No specific product has been identified by all cases, nor has any product been conclusively linked to this clinical syndrome. While the investigation is ongoing, CDC recommends that individuals consider refraining from e-cigarettes or vaping products, particularly those containing THC. People who use e- cigarette products should not buy them off the street and should not modify e-cigarette products or add any substances that are not intended by the manufacturer, regardless of the ongoing investigation. 

CDC Guidance for Specimen Collection and Storage

CDC can receive select clinical specimens for evaluation. Please see documents linked below for guidance on specimen types, collection, and storage. If you are interested in submitting specimens to CDC, please contact your local health department or ODH to obtain pre-approval and shipping information.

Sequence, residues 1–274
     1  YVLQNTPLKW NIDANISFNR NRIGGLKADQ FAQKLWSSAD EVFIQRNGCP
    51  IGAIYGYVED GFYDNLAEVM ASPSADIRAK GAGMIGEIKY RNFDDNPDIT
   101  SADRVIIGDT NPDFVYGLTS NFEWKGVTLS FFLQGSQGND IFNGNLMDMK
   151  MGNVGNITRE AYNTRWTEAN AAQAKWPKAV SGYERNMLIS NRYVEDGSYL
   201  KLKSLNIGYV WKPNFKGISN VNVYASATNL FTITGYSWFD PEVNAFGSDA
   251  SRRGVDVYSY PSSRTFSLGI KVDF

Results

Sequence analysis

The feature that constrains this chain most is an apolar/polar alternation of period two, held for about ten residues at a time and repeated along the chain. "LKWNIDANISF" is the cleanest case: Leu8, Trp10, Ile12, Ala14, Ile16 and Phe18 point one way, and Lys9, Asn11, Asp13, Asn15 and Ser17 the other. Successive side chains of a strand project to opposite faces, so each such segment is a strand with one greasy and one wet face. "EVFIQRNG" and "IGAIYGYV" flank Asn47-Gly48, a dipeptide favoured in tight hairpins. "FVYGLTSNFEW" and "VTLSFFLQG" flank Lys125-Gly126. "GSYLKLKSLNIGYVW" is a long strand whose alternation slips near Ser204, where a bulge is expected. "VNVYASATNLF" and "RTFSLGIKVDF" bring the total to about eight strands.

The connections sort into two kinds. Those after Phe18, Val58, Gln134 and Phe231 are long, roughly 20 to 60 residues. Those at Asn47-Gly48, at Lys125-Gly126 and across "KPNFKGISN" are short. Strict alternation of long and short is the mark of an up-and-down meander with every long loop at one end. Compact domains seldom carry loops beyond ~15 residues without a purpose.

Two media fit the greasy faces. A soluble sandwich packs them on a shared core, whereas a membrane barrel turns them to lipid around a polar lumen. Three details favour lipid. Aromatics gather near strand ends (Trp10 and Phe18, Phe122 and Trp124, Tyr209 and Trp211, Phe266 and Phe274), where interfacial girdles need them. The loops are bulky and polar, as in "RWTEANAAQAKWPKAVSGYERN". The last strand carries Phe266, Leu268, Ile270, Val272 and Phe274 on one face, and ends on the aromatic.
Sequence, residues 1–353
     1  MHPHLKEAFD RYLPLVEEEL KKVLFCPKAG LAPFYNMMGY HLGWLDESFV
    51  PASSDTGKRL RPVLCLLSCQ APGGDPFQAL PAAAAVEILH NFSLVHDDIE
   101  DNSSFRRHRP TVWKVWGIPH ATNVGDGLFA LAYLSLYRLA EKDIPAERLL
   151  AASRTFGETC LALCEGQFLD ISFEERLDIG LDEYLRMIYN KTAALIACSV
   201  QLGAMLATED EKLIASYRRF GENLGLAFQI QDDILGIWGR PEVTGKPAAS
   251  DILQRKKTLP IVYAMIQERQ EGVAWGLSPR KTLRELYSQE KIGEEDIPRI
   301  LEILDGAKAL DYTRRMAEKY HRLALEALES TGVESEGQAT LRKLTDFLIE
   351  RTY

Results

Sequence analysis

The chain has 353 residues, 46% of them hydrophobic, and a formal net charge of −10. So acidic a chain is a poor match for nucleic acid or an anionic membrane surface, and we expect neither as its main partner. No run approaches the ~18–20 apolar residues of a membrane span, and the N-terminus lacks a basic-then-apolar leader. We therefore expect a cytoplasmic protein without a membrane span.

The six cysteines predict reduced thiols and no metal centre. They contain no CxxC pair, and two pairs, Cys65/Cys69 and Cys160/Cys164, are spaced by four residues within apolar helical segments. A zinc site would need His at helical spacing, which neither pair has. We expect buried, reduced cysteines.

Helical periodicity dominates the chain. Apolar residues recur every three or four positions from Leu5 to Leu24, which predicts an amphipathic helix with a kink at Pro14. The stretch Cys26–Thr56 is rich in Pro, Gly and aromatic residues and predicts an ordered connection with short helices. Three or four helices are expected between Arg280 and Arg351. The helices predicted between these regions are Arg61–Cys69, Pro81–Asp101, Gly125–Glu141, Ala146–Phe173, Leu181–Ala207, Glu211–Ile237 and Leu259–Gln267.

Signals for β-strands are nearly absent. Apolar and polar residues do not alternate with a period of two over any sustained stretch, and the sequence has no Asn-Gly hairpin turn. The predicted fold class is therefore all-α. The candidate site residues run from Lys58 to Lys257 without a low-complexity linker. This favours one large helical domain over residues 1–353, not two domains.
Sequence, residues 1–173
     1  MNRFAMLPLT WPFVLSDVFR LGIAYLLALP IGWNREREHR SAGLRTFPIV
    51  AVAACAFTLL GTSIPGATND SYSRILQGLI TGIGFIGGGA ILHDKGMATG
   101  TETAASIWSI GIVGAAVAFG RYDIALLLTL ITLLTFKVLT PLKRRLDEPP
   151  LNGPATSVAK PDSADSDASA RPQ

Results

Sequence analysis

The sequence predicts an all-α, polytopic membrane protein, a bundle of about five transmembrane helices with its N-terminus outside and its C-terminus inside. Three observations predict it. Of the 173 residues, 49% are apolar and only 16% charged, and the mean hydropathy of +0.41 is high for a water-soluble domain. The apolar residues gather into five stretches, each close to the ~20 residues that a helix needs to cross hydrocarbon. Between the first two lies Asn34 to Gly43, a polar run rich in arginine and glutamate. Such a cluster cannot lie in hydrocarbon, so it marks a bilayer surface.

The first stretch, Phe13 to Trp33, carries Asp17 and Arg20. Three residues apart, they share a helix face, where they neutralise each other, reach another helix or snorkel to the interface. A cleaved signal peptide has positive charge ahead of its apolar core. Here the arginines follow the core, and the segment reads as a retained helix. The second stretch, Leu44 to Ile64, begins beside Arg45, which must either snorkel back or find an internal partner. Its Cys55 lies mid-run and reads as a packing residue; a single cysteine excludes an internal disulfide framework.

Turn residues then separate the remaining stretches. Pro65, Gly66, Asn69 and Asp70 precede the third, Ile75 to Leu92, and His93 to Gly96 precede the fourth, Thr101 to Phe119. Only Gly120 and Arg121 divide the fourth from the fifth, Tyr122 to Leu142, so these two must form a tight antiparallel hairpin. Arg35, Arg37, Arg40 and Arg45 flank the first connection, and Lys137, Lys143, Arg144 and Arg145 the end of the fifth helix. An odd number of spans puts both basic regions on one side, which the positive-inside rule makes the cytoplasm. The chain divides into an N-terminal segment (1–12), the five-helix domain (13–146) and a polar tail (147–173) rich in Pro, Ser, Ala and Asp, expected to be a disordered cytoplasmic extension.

• Laboratory Clinical Specimen Collection and Storage Guidance For Lung Injury Related to e- Cigarette Exposures The purpose of this document is to provide general specimen collection and storage guidance for healthcare providers and public health laboratory personnel. 
  • Specimen Submission Guidance for Pathologic Evaluation of Tissue Specimens from Cases of Pulmonary Disease Associated with E-Cigarette Product Use This guidance document will assist health departments, healthcare providers, and pathologists with submission of tissue specimens. 

Additional CDC Resources and Information for Healthcare Providers 

  • Clinician Outreach and Communication Activity (COCA) On September 19, 2019, CDC experts hosted a Clinician Outreach and Communication Activity (COCA) call on the outbreak of lung injury associated with e-cigarette product use or vaping. Video and slides are now available.